In the book, Heart of Darkness by Joseph Conrad, all the characters are pulled into a well of black despair. Conrad uses the darkness of the situation contrasted to the light of society to show man’s dependence on western morals, and how when these morals are challenged by the darkness, the light crumbles under its newly weakened foundation. The contrast between light and dark is most stark in the themes of setting, the changes in Europeans as they drive farther into the Congo, and the white man’s collapse under the ultimate darkness of the Innermost Congo.
The setting of Heart of Darkness is a very critical part of the book, and Conrad goes to extreme lengths to highlight the evil radiating from the region in which he sets his book. First, the tale is told in a frame story pattern, Marlow is relating his experience to friends in a setting different from that of the primary tale. But the setting where Marlow tells his tale is a foreshadow of what is to come. Marlow presents his story on a boat in the dark of night, creating a sense of evil surrounding the story. The darkness is so deep where Marlow rests during the telling of his tale, that he cannot see his friends, and instead tells the story to the darkness itself. Once the narrative begins, Conrad quickly places his character in another situation which only foretells of the place to which he is going. Within a Belgian office, Marlow examines a map of the area into which he is traveling, he describes it,
"...on one end a large shining map, marked with all the colours of a rainbow. There was a vast amount of red-good to see at any time, because one knows that some real work is done in there, a deuce of a lot of blue, a little green, smears of orange, and, on the...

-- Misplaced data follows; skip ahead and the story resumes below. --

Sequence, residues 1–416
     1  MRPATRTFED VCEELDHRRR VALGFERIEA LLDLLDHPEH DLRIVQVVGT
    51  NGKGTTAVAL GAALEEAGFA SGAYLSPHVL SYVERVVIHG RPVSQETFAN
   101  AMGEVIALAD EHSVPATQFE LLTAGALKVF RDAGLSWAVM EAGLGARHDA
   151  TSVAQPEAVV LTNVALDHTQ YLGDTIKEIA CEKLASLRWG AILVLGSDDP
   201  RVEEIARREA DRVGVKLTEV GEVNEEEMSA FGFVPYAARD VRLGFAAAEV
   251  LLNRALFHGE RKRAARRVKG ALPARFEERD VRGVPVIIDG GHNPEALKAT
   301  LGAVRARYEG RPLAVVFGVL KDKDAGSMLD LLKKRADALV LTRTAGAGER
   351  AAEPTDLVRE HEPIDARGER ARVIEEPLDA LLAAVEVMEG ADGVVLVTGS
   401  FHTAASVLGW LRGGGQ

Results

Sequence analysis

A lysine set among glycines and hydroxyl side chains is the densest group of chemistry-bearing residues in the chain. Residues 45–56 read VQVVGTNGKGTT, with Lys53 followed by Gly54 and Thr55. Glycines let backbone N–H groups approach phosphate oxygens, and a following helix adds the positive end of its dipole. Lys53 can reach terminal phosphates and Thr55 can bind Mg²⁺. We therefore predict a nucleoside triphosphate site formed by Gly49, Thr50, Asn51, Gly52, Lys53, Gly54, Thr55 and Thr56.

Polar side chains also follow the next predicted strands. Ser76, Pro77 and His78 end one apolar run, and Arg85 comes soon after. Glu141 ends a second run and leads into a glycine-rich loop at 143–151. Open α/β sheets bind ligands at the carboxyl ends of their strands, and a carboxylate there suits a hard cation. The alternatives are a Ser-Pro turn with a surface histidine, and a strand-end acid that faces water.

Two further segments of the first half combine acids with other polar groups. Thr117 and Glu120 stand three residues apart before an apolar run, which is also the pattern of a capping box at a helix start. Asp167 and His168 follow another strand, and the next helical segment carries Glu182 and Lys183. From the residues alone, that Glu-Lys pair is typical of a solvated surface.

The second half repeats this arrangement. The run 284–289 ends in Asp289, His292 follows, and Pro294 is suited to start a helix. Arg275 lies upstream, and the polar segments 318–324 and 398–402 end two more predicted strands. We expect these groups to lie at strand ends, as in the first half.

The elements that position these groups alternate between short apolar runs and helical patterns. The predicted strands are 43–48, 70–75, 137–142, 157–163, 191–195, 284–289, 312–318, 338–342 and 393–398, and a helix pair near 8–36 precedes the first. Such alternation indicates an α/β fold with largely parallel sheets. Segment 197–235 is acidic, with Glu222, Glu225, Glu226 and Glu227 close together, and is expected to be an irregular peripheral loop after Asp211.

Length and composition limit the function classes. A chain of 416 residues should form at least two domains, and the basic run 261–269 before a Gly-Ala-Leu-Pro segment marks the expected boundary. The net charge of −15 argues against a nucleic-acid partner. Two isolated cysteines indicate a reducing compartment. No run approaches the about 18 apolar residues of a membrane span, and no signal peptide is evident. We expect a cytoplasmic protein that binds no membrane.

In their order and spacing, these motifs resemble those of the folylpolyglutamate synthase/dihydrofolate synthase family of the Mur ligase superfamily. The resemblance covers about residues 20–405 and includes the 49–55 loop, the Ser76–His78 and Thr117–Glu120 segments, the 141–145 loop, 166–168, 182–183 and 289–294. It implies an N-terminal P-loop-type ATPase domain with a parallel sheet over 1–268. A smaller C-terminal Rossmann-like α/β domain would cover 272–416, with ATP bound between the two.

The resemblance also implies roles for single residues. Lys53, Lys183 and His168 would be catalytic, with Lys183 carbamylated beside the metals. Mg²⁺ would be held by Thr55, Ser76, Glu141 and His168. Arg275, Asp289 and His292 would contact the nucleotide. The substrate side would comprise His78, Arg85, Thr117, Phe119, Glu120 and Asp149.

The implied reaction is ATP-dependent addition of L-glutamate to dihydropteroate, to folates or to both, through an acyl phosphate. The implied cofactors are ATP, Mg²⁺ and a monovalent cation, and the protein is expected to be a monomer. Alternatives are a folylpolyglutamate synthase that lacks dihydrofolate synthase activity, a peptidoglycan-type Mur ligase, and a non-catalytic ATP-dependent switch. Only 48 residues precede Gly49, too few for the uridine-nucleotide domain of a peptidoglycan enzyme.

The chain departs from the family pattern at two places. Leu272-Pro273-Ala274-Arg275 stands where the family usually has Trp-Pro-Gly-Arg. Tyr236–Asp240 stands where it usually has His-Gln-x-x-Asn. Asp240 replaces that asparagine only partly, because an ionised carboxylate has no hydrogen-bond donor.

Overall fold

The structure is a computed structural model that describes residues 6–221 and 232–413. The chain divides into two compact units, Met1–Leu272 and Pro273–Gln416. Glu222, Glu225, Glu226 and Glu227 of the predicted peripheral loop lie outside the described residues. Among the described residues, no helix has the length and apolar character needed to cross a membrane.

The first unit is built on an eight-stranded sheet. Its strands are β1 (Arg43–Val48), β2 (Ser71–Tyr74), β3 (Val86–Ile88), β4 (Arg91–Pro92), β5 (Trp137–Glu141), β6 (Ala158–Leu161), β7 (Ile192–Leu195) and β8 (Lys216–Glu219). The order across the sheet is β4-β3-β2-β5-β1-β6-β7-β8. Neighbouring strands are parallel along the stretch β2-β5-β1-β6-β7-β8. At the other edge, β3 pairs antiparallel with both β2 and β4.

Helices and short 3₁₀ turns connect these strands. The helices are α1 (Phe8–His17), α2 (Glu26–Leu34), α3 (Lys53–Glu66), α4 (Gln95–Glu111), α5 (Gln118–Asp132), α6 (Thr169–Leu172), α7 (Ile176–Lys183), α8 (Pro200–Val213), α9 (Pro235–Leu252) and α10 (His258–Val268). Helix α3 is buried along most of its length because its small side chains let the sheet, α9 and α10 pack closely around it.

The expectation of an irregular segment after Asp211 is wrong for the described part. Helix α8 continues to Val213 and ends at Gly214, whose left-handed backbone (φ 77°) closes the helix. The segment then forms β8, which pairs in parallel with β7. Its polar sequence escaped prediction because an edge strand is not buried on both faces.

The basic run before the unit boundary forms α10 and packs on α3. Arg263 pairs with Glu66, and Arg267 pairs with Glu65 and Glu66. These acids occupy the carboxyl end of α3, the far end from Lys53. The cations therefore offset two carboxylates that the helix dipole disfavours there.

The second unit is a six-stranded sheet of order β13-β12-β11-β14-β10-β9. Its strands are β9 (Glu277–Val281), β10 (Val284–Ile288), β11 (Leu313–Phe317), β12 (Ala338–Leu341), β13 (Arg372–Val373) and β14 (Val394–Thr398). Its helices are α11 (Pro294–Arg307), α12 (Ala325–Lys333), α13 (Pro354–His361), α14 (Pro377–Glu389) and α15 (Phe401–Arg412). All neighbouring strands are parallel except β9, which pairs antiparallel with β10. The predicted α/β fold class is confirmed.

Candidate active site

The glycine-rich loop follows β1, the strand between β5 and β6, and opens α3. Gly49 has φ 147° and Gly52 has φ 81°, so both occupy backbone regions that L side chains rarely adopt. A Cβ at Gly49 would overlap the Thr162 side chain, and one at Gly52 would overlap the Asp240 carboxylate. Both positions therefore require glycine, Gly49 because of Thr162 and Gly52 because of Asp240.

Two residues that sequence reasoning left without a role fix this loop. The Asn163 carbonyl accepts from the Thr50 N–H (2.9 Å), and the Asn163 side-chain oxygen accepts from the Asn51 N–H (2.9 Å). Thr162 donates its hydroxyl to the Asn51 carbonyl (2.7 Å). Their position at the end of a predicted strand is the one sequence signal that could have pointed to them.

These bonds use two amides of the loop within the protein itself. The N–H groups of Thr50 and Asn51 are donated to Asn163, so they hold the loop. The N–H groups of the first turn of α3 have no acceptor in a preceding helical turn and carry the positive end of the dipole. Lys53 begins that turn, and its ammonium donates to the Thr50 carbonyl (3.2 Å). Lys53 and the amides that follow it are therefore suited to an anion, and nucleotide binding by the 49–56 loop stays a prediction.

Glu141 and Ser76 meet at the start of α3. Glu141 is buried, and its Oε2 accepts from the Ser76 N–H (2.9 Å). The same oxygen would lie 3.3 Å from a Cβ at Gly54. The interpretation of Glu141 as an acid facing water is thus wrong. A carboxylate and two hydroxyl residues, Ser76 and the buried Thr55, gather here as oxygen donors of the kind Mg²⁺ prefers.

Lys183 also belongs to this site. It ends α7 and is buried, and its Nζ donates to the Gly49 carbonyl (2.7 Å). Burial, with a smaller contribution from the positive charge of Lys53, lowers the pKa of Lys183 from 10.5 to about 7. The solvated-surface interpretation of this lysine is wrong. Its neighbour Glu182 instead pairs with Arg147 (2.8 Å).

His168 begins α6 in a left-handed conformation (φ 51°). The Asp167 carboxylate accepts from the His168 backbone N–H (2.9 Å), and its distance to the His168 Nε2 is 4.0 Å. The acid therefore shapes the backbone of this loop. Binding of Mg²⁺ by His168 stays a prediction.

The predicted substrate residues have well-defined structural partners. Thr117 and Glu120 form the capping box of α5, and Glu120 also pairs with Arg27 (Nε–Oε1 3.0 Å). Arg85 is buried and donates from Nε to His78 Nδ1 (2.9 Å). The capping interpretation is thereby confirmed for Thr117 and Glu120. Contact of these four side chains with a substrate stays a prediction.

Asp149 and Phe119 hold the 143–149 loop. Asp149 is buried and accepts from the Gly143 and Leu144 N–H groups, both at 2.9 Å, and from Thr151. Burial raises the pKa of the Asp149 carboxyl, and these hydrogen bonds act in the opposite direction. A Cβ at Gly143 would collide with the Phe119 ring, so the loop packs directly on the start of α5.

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...s us human, but we must always understand that it is only a mask, and not the truth, because one day everyone will be faced with the darkness of the true nature of our world, and we will stare into the heart of the darkness, and it will break us, as it did to Kurtz, or enlighten us, as it did to Marlow.
Works Cited and Consulted
Conrad, Joseph. Heart of Darkness. New Jersey: The Ecco Press, 1992.
Guerard, Albert J. Conrad the Novelist. Cambridge, MA.: Harvard U. Press, 1958.
Guerard, Albert J. "Heart of Darkness". TCLC. 13:114.
Karl, Fredrick R. "Heart of Darkness". TCLC. 6:121.
Kimbrough, Robert, ed. Heart of Darkness: An Authoritative Text, Backgrounds and Sources, Criticism. By Joseph Conrad. 3rd ed.
Norton Critical Edition. New York: Norton, 1988.
Meyers, Jeffrey. Joseph Conrad. New York: Charles Scribner's Sons, 1991.
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